Friday, July 24, 2009

Five Surprising Things That Can Boost Your Health

I came across this information in a magazine today and that it was worthy of sharing. Definitely a couple of surprises here, for me...

What boosts your health?

1. Walking down the aisle.
A UCLA study found that married people live longer than those who stay single. Why? Married people, according to the study, are less socially isolated, they exercise more and they drink less (not so sure about that last point but I'll buy the first two!).

2. Having a furry friend (or two).
A study in Ireland has shown that owning a dog is associated with lower stress levels and fewer serious illnesses. Even if the dog sheds like crazy and you have to vacuum daily (I guess that counts as cardio!).

3. Being a social butterfly.
Australian researchers found that people with a strong social network lived an average of 22% longer than those without one. Cherish your friends! I certainly love mine.

4. Putting your money where your mouth is.
Studies have linked gum disease with heart disease, stroke and diabetes. The simple solution: floss EVERY DAY and see your dentist twice a year for cleanings. I started flossing regularly about five years ago and am religious about it now.

5. Surfing the web.
Researchers from UCLA found that searching the Internet stimulates and preserves key areas of brain activity, helping you stay sharp even as you age. Sweet! My Facebook addiction isn't quite so bad!!

Saturday, July 18, 2009

The Final Nail(s) In Soy's Coffin

This is my third, and final post about soy. I'm done with it and I think you should be too.

This month, Bon Appetit arrived with a full spread on the downsides of soy. When a publication as worldly as Bon Appetiti strays from its foodie slant to devote a large chunk of its culinary pages to a health cause, I have to take notice.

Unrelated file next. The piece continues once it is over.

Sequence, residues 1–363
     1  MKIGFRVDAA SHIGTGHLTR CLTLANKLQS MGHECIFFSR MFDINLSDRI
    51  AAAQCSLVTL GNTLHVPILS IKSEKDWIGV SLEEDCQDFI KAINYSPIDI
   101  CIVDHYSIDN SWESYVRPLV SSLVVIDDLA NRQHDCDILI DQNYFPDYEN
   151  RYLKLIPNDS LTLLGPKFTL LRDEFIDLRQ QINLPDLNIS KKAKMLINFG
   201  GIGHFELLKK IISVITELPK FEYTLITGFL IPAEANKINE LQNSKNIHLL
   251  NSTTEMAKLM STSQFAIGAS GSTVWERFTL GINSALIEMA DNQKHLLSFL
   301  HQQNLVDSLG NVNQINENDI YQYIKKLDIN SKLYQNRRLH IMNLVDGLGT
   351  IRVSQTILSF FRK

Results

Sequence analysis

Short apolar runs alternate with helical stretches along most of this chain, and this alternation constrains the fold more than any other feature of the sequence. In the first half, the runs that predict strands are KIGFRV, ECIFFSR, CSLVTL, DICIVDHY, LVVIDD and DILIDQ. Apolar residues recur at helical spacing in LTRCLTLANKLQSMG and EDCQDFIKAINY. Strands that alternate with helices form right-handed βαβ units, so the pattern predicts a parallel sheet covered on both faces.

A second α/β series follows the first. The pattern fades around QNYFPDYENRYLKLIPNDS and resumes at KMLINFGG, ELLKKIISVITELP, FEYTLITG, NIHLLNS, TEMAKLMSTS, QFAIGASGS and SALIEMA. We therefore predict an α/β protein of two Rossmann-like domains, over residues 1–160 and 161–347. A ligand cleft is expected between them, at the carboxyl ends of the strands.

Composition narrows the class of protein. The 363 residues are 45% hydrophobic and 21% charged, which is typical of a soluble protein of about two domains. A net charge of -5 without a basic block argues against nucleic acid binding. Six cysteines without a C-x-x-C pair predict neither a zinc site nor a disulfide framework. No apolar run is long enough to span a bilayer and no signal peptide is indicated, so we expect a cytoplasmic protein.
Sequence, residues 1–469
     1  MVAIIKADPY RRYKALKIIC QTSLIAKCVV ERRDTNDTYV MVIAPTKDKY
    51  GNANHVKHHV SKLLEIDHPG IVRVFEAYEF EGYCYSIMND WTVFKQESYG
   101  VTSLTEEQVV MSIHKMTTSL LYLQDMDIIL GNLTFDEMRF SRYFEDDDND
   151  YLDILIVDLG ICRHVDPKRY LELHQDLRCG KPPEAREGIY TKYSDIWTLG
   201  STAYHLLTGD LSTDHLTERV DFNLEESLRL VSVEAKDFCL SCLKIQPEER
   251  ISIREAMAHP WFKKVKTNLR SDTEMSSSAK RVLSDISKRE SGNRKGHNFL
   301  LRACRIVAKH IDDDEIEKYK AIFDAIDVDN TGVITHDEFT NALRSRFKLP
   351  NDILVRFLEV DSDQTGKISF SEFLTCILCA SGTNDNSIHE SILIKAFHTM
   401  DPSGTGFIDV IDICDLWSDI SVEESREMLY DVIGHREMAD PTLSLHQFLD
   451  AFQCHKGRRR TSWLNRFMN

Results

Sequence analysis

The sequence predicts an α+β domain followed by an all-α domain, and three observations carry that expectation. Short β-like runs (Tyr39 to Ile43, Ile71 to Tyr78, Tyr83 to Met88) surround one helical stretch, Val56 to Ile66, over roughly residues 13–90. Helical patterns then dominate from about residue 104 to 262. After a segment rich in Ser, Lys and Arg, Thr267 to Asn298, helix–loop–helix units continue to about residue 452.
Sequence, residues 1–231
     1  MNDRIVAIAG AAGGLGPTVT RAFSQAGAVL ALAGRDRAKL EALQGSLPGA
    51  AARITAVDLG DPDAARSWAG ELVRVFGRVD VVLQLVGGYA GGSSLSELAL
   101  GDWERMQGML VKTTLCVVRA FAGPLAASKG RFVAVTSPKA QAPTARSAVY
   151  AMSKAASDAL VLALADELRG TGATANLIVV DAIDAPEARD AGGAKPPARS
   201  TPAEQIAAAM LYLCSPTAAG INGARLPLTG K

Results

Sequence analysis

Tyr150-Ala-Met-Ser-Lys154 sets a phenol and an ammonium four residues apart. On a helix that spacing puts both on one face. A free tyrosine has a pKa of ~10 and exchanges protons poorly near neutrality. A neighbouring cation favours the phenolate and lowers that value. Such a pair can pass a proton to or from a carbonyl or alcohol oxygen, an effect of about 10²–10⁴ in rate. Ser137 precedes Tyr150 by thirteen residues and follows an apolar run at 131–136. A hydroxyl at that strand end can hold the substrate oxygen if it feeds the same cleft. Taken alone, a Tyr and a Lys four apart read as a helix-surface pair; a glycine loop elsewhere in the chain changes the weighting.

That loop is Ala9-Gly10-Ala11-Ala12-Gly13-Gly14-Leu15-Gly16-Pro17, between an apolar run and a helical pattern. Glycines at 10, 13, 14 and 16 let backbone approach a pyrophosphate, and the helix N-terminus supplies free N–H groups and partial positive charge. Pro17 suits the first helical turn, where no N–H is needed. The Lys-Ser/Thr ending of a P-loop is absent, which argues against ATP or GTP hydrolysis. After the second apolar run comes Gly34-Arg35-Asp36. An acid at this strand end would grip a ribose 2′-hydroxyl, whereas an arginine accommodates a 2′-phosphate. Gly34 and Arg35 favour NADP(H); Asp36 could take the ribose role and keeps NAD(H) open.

The article basically reiterated a lot of information that I already know and brought to light a few new facts, as well. We all know that the soy bean has pretty much found its way into everything from peanut butter to canned tuna. We hear of its high protein content and its nearly existent cholesterol and we convince ourselves that it must be a spectacularly healthy choice. Well, we've been duped. And I'm here to tell you today that the jig is up.

Recent research has shown that soy may contain dangerous levels of isoflavones, natural chemicals that are similar to human estrogen. Isoflavones can affect fertility in men and may increase the risk of breast cancer for women. In fact, the Israeli Ministry of Health issued a warning in 2005, suggesting that adults moderate soy intake and that infants not take in soy at all. Oops, sorry about that Ben. If your fertility is affected later in life, you can blame me!

And it's not just Israel taking action. Health officials in France and Great Britain are concerned too. One British author underscored the research done in Israel by saying, "They (Israel) had a committee of more than a dozen distinguished nutritionists, researchers, pediatricians, and toxicologists who looked at the body of evidence and concluded there was risk."